Looking back on the cloud: the top cloud strategy takeaways from 2015
It's January and IT teams are working out how to prepare their cloud strategies for the year ahead - so what has 2015 taught us?
We are well into the first month of 2016, and many predictions from the cloud sector have started to reveal different trends that we may see over the next 12 months. In 2015 we saw IaaS (Infrastructure as a service) and PaaS (platform as a service) growing 51%, with cloud firmly being pushed into the limelight.
Looking to the future, there are many indications of what to expect in the year to come, including improvements to current-generation cloud environments as well as private cloud resurging amongst early and late cloud adopters,
However, while many are in the midst of starting their New Year's resolutions and looking towards the year ahead, it's also a good time to look back at the previous year and take stock of what's been achieved by both vendors and customers in the cloud industry.
Probably the biggest cloud trend in 2015 was security and compliance. There’s been a growing realisation that no cloud computing strategy is complete without a cloud security and compliance strategy.
> See also: Top 8 trends for big data in 2016
Spurred on by numerous high profile breaches, security was brought to the forefront of many business plans; the EU also expressed its concern about the levels of cyber security being implemented, and agreed new cyber security rules imposing new network security requirements on businesses providing essential services.
As these viruses, hackers and industry regulations from HIPAA to Safe Harbor has started to impact IT departments more, the focus was sharply tuned into how best to apply on-premise levels of security and compliance in the cloud.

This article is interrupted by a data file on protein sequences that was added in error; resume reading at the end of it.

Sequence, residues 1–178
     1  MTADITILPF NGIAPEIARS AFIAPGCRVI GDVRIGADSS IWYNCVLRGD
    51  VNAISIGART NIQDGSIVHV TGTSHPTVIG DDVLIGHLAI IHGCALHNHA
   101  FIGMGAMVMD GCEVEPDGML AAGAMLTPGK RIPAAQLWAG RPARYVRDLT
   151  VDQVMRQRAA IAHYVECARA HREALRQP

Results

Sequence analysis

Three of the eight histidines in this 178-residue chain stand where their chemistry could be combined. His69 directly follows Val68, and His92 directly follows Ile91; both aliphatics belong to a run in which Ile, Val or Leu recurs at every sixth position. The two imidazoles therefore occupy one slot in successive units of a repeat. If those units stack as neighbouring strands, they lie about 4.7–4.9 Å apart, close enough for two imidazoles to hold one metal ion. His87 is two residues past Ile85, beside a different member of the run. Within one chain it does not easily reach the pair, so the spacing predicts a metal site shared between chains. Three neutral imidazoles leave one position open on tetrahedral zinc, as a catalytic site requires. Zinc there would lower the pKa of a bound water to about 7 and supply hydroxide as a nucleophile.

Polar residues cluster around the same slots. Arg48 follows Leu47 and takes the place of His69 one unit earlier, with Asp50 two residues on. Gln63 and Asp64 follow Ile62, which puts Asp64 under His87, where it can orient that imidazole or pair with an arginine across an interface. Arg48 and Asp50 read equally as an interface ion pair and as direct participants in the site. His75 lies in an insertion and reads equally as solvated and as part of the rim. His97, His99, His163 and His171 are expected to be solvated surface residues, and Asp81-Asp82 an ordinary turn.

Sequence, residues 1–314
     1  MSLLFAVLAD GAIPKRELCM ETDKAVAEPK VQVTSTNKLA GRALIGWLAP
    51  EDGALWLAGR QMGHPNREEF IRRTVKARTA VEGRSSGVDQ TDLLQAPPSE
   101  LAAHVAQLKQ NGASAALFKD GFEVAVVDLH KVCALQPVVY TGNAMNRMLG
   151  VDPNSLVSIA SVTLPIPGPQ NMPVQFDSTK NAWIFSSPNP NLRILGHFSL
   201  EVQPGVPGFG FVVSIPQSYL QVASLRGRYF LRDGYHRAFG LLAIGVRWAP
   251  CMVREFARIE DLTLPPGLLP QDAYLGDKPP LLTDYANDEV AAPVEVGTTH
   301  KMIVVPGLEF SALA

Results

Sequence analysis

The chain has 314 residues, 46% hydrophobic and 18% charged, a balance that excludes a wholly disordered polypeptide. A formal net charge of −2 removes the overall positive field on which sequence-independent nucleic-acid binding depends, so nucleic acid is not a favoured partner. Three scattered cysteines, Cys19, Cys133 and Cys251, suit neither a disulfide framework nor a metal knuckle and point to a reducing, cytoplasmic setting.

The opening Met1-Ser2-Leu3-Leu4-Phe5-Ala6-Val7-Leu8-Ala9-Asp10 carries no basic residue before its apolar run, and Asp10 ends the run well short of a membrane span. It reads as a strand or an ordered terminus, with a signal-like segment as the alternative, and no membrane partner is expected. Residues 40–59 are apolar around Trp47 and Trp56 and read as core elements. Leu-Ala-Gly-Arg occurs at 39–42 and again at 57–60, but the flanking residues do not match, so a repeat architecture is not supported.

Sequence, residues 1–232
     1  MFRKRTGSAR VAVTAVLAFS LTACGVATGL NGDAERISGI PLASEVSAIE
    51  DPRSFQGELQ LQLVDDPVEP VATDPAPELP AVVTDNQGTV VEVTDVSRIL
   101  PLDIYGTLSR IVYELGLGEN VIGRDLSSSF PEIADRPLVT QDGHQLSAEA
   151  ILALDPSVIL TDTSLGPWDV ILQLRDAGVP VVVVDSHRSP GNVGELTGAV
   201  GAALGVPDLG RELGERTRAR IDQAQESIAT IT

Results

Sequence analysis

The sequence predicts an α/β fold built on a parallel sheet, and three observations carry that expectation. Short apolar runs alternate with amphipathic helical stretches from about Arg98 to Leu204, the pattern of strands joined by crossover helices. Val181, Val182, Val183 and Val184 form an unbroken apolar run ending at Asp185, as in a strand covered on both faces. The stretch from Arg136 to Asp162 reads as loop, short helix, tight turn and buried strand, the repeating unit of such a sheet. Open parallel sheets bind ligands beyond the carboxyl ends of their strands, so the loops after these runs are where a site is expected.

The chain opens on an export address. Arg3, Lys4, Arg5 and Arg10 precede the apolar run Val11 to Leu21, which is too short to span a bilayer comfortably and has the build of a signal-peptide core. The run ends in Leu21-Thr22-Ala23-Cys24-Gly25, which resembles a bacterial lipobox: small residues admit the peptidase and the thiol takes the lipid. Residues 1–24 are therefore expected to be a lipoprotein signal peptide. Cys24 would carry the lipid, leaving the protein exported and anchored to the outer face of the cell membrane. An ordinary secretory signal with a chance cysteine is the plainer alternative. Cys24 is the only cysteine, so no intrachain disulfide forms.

Another trend in 2015 was that Disaster-Recovery-as-a-
As seen currently in the UK with the floods affecting the north of England, disaster recovery is not an area that should be overlooked; marketing company Pi Industries recently implemented a disaster recovery solution and has urged other businesses to do the same.
2015 also bought a keener focus on cloud costs. Many customers have experienced that cloud can actually cost more, not less, if the required levels of support and management tools are not available.
Although the main drivers for cloud continue to be agility, there is still a strong desire for insight into costs and billing and the capability to be able to carefully manage cloud costs.
As cloud becomes more of an integral component of the overall IT strategy, IT leaders are rightly demanding that it comes with the visibility, service and support levels they’re used to receiving from Enterprise IT.
These cloud trends from 2015 highlight the need for cloud providers to offer cost transparency and security services that thoroughly protect the customer– as well as customers being aware of the current threats to business, be that via natural disaster or a hacker at the end of a computer.
So, as we get further into 2016 and IT leaders make their plans for 2016, companies would be well placed to consider these trends and look for cloud partners that can help in these key areas as their cloud journeys continue.